Penang, Southeast Asia’s Silicon Valley, is a digital nomad dream

City and country slogans are often cringingly bad. Incredible this, amazing that. The “Pearl of the Orient” is one of the few exceptions that ring true.

Malaysia’s small but satisfyingly formed Penang Island shines like a gem, from its photogenic heritage town (now spruced up) to its jungle-clad hills. It’s impossible not to feel seduced by it.

Penang was my first Asian destination, way back in pre-smartphone 2002 when a camera roll of 36 exposures was a luxury, and I was entranced by its exotic smells, wildlife, cultural celebrations, heritage, and prawn mee with belacan. It looked like a sprawling film-set, and the “Asia” I’d imagined.

On my second visit, in 2009, a beautiful young Malaysian couple ahead of me in a street food queue started a conversation that ended with an invitation to their wedding the following month. I returned weeks later; a random, wide-eyed foreigner attending a traditional Chinese wedding. Oddly enough, I had to wear a pair of disposable underwear over my trousers – but that’s a story for another time, as they say.

That’s the kind of place Penang is – blessed by the (many) gods – and in the years since, I have been drawn back again and again.

In more recent years, Penang has undergone a renaissance of sorts.  First, Unesco World Heritage status put it firmly on the international map, resulting in a flurry of boutique hotel and hipster coffee shop openings, giant murals painted on buildings, and steel rod caricatures (some with a tacky feel) labelling key streets. The town bubbles with cultural events like the annual George Town Festival.

And people have noticed. The accolades keep coming. Last year, Lonely Planet named George Town fourth in the Top 10 Cities list for Best in Travel 2016. Conde Nast Traveller named Penang among the best places in the world for retirement.

Second, with its past a major asset that pulls in the tourists (some might say too many), George Town is now looking to its future. There is a crackle in the air, and possibly even a cheeky wink at its bigger and more conservative cousin Kuala Lumpur.

George Town is fizzing with startup energy. Mostly famous for brilliant startup Piktochart (the go to website for infographics), new projects are popping up like mushrooms after a tropical downpour.

The town’s startup culture has been aided by the recent opening of a grand coworking space near the waterfront, @CAT.

Set within a hundred-year colonial heritage building that had laid abandoned for 40 years, Wisma Yeap Chor Ee, @CAT is an ideal location for creative inspiration (film buffs might also recognise it as a filming location for Ang Lee’s Lust, Caution). Of course I had to check it out on my first visit to Penang in more than a year.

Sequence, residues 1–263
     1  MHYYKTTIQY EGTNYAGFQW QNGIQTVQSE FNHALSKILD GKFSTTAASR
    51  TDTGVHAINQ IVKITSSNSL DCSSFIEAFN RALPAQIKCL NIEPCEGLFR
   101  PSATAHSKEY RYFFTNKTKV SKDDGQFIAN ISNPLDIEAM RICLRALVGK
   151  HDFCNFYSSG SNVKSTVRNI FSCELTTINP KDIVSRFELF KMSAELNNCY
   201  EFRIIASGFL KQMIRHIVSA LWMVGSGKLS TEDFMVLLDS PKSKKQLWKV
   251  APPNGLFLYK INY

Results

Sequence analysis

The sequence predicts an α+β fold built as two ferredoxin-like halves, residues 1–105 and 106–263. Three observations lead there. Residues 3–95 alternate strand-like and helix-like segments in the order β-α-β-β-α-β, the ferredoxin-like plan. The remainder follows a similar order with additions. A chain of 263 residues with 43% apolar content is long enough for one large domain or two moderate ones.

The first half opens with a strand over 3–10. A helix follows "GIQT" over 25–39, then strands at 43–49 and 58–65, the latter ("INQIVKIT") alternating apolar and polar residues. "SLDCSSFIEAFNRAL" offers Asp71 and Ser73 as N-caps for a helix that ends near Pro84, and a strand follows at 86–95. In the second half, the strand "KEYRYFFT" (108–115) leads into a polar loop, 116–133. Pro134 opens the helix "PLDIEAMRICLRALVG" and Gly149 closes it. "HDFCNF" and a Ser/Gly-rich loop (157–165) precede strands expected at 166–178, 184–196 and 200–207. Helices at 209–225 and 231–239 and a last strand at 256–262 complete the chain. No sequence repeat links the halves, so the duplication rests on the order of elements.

I was kindly shown around @CAT by Community & Operations COO & Partnerships Director Zoey Teoh, who explained that the co-working space was supported by the Penang State Government (hence the amazing location) and that its ultimate purpose was to appeal to foreign investors.

@CAT coworking space in Penang
Where Googlers come to talk at @CAT

Penang was ideally suited to tech startups, Zoey added, saying that both it and Silicon Valley shared an electronics industry heritage. (They’re also on the west coast and have long-ish bridges, and that’s probably where the similarities end.) There’s also a bit of Silicon Valley at @CAT, with people from Google and what not coming over for events.

The @CAT community is made up mostly of freelance coders and digital marketers, several of whom are digital nomads who come and go (Zoey said that they were always pleased to see familiar faces return). But there were corporate faces too – two big companies (unnamed) had sent staff over to scope out the Penang scene.

Alongside a board naming startups there was a wish list. Top of the list was coffee (and why not – it tops my to do list every day), which was somewhat of a surprise as there was a huge cafe downstairs.

The Penang Science Cafe was impressive enough in its own right, replete with interesting books that didn’t include the usual tatty airport novels left behind by backpackers. There was even a 3D printed model of Penang Bridge to gaze at.

Penang Science Cafe
Penang Science Cafe

But here’s the really fun part: in an adjoining room there were things to tinker with that included a Raspberry Pi and – how else to write this – an aircraft. So in theory, you could wander over with a flat white and stare at a Cessna.

Cessna aircraft at Penang Science Cafe
Plane bonkers

If that wasn’t exciting enough, you could probably build your own Sky Hawk II minutes later. Across an outside courtyard with potted plants there was a Makerspace and Garage with enough gizmos to make Q from the 007 movies blush. It was an electronics, woodworking and metalworking playground where you could probably just about make anything, apart from Mars exploration rovers.

I could have lingered for hours at the Wisma Yeap Chor Ee building. For young creative Penangites, it’s the stuff of fantasy. For digital nomads and entrepreneurs, it’s an affordable place to work and mingle.

Conveniently, it’s also a few Andaman island hops from Thailand’s Koh Lanta, the scene of coworking community KoHub, which would make a fun trip – something to think about if you’re stuck in a beige office on a grey November day.

Aerial picture of George Town, Penang, from Komtar
@CAT is in there somewhere…

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